This paper examines four different levels of possible variation in symptom reporting: occasion, day, person and family.Design.
In order to rule out effects of retrospection, concurrent symptom reporting was assessed prospectively using a computer-assisted self-report method.Methods.
A decomposition of variance in symptom reporting was conducted using diary data from families with adolescent children. We used palmtop computers to assess concurrent somatic complaints from parents and children six times a day for seven consecutive days. In two separate studies, 314 and 254 participants from 96 and 77 families, respectively, participated. A generalized multilevel linear models approach was used to analyze the data. Symptom reports were modelled using a logistic response function, and random effects were allowed at the family, person and day level, with extra-binomial variation allowed for on the occasion level.Results.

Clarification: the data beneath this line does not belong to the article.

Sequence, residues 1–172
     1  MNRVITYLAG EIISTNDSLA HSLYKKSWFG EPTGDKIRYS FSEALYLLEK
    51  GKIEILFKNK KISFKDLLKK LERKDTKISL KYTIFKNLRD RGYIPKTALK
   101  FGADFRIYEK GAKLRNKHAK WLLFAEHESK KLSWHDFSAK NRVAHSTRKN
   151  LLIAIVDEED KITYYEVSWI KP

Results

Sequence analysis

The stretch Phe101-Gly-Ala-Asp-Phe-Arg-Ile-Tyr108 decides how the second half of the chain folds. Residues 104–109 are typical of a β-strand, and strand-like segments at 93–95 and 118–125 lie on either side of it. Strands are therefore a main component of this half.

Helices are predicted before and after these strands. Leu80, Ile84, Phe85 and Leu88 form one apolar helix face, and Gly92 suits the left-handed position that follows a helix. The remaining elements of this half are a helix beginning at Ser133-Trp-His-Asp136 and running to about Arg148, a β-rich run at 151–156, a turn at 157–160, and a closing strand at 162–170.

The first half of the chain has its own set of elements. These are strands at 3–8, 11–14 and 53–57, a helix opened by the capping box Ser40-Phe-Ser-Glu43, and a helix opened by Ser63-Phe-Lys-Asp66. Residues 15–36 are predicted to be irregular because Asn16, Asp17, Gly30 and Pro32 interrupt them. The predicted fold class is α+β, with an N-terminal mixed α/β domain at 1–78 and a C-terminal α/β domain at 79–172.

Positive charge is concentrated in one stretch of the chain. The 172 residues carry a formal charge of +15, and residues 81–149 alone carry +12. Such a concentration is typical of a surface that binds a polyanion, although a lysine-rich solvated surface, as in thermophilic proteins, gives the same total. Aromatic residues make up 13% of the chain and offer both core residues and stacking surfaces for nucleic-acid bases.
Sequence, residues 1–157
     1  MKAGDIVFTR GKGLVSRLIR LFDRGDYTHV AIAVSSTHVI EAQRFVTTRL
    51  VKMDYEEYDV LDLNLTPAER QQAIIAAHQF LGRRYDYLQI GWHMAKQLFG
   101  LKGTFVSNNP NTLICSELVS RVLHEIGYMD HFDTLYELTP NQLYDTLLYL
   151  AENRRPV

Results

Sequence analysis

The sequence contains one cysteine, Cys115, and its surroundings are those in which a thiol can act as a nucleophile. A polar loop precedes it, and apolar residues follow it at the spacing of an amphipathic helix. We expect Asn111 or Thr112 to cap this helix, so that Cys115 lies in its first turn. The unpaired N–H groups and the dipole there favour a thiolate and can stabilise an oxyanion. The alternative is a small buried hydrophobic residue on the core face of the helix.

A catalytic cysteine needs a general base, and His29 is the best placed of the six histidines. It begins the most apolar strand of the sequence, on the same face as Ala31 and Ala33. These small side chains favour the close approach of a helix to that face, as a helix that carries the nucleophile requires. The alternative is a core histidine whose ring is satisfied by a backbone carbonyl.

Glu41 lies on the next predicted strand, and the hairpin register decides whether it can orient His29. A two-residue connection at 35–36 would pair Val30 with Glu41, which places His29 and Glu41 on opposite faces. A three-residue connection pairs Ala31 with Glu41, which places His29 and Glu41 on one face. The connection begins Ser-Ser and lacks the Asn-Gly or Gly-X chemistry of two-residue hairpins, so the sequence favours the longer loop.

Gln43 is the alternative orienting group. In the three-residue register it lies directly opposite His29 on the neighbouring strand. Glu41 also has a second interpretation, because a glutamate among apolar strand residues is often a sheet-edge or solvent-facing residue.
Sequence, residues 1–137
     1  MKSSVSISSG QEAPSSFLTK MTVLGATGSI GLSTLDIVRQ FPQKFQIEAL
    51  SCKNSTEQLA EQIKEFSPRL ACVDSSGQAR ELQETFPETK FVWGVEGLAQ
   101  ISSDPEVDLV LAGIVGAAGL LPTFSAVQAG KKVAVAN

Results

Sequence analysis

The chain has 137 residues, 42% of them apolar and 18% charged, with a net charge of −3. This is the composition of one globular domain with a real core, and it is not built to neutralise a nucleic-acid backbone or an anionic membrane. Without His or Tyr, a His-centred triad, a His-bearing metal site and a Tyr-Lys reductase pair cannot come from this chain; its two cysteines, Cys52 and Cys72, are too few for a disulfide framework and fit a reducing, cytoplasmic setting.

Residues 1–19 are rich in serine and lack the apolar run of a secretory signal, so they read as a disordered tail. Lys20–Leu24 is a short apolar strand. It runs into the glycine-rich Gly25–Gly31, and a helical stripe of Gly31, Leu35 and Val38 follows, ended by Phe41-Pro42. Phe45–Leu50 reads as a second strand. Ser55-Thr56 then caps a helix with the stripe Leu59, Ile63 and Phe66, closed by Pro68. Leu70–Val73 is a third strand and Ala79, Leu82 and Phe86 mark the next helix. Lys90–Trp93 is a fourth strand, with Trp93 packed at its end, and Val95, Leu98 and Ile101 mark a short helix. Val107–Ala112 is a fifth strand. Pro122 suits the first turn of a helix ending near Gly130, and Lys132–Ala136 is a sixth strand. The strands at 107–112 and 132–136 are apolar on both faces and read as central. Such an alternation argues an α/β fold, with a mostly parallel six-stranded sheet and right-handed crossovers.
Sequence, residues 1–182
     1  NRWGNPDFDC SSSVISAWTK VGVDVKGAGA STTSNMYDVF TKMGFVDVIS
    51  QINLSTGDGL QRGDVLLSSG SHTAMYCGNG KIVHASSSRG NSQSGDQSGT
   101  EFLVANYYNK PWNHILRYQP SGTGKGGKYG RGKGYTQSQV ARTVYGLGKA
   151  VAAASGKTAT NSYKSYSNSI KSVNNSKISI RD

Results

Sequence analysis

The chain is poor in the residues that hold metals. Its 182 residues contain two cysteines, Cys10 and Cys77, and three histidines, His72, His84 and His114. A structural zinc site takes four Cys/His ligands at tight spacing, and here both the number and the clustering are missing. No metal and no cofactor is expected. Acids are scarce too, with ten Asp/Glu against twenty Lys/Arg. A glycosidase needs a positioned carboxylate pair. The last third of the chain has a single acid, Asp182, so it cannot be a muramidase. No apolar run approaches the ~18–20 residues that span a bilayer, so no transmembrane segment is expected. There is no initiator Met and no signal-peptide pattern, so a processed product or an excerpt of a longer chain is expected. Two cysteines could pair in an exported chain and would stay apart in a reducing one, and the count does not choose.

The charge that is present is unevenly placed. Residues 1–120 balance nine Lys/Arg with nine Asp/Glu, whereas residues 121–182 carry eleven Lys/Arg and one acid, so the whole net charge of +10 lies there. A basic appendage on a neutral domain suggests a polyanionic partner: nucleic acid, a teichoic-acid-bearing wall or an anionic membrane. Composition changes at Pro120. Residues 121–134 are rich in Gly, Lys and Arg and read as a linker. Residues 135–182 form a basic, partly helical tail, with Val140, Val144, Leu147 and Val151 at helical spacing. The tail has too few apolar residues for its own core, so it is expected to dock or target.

Substantial variability was observed at the person, day and occasion level but not at the family level.Conclusions.
To explain symptom reporting in normally healthy individuals, situational as well as person characteristics should be taken into account. Family characteristics, however, would not help to clarify symptom reporting in all family members.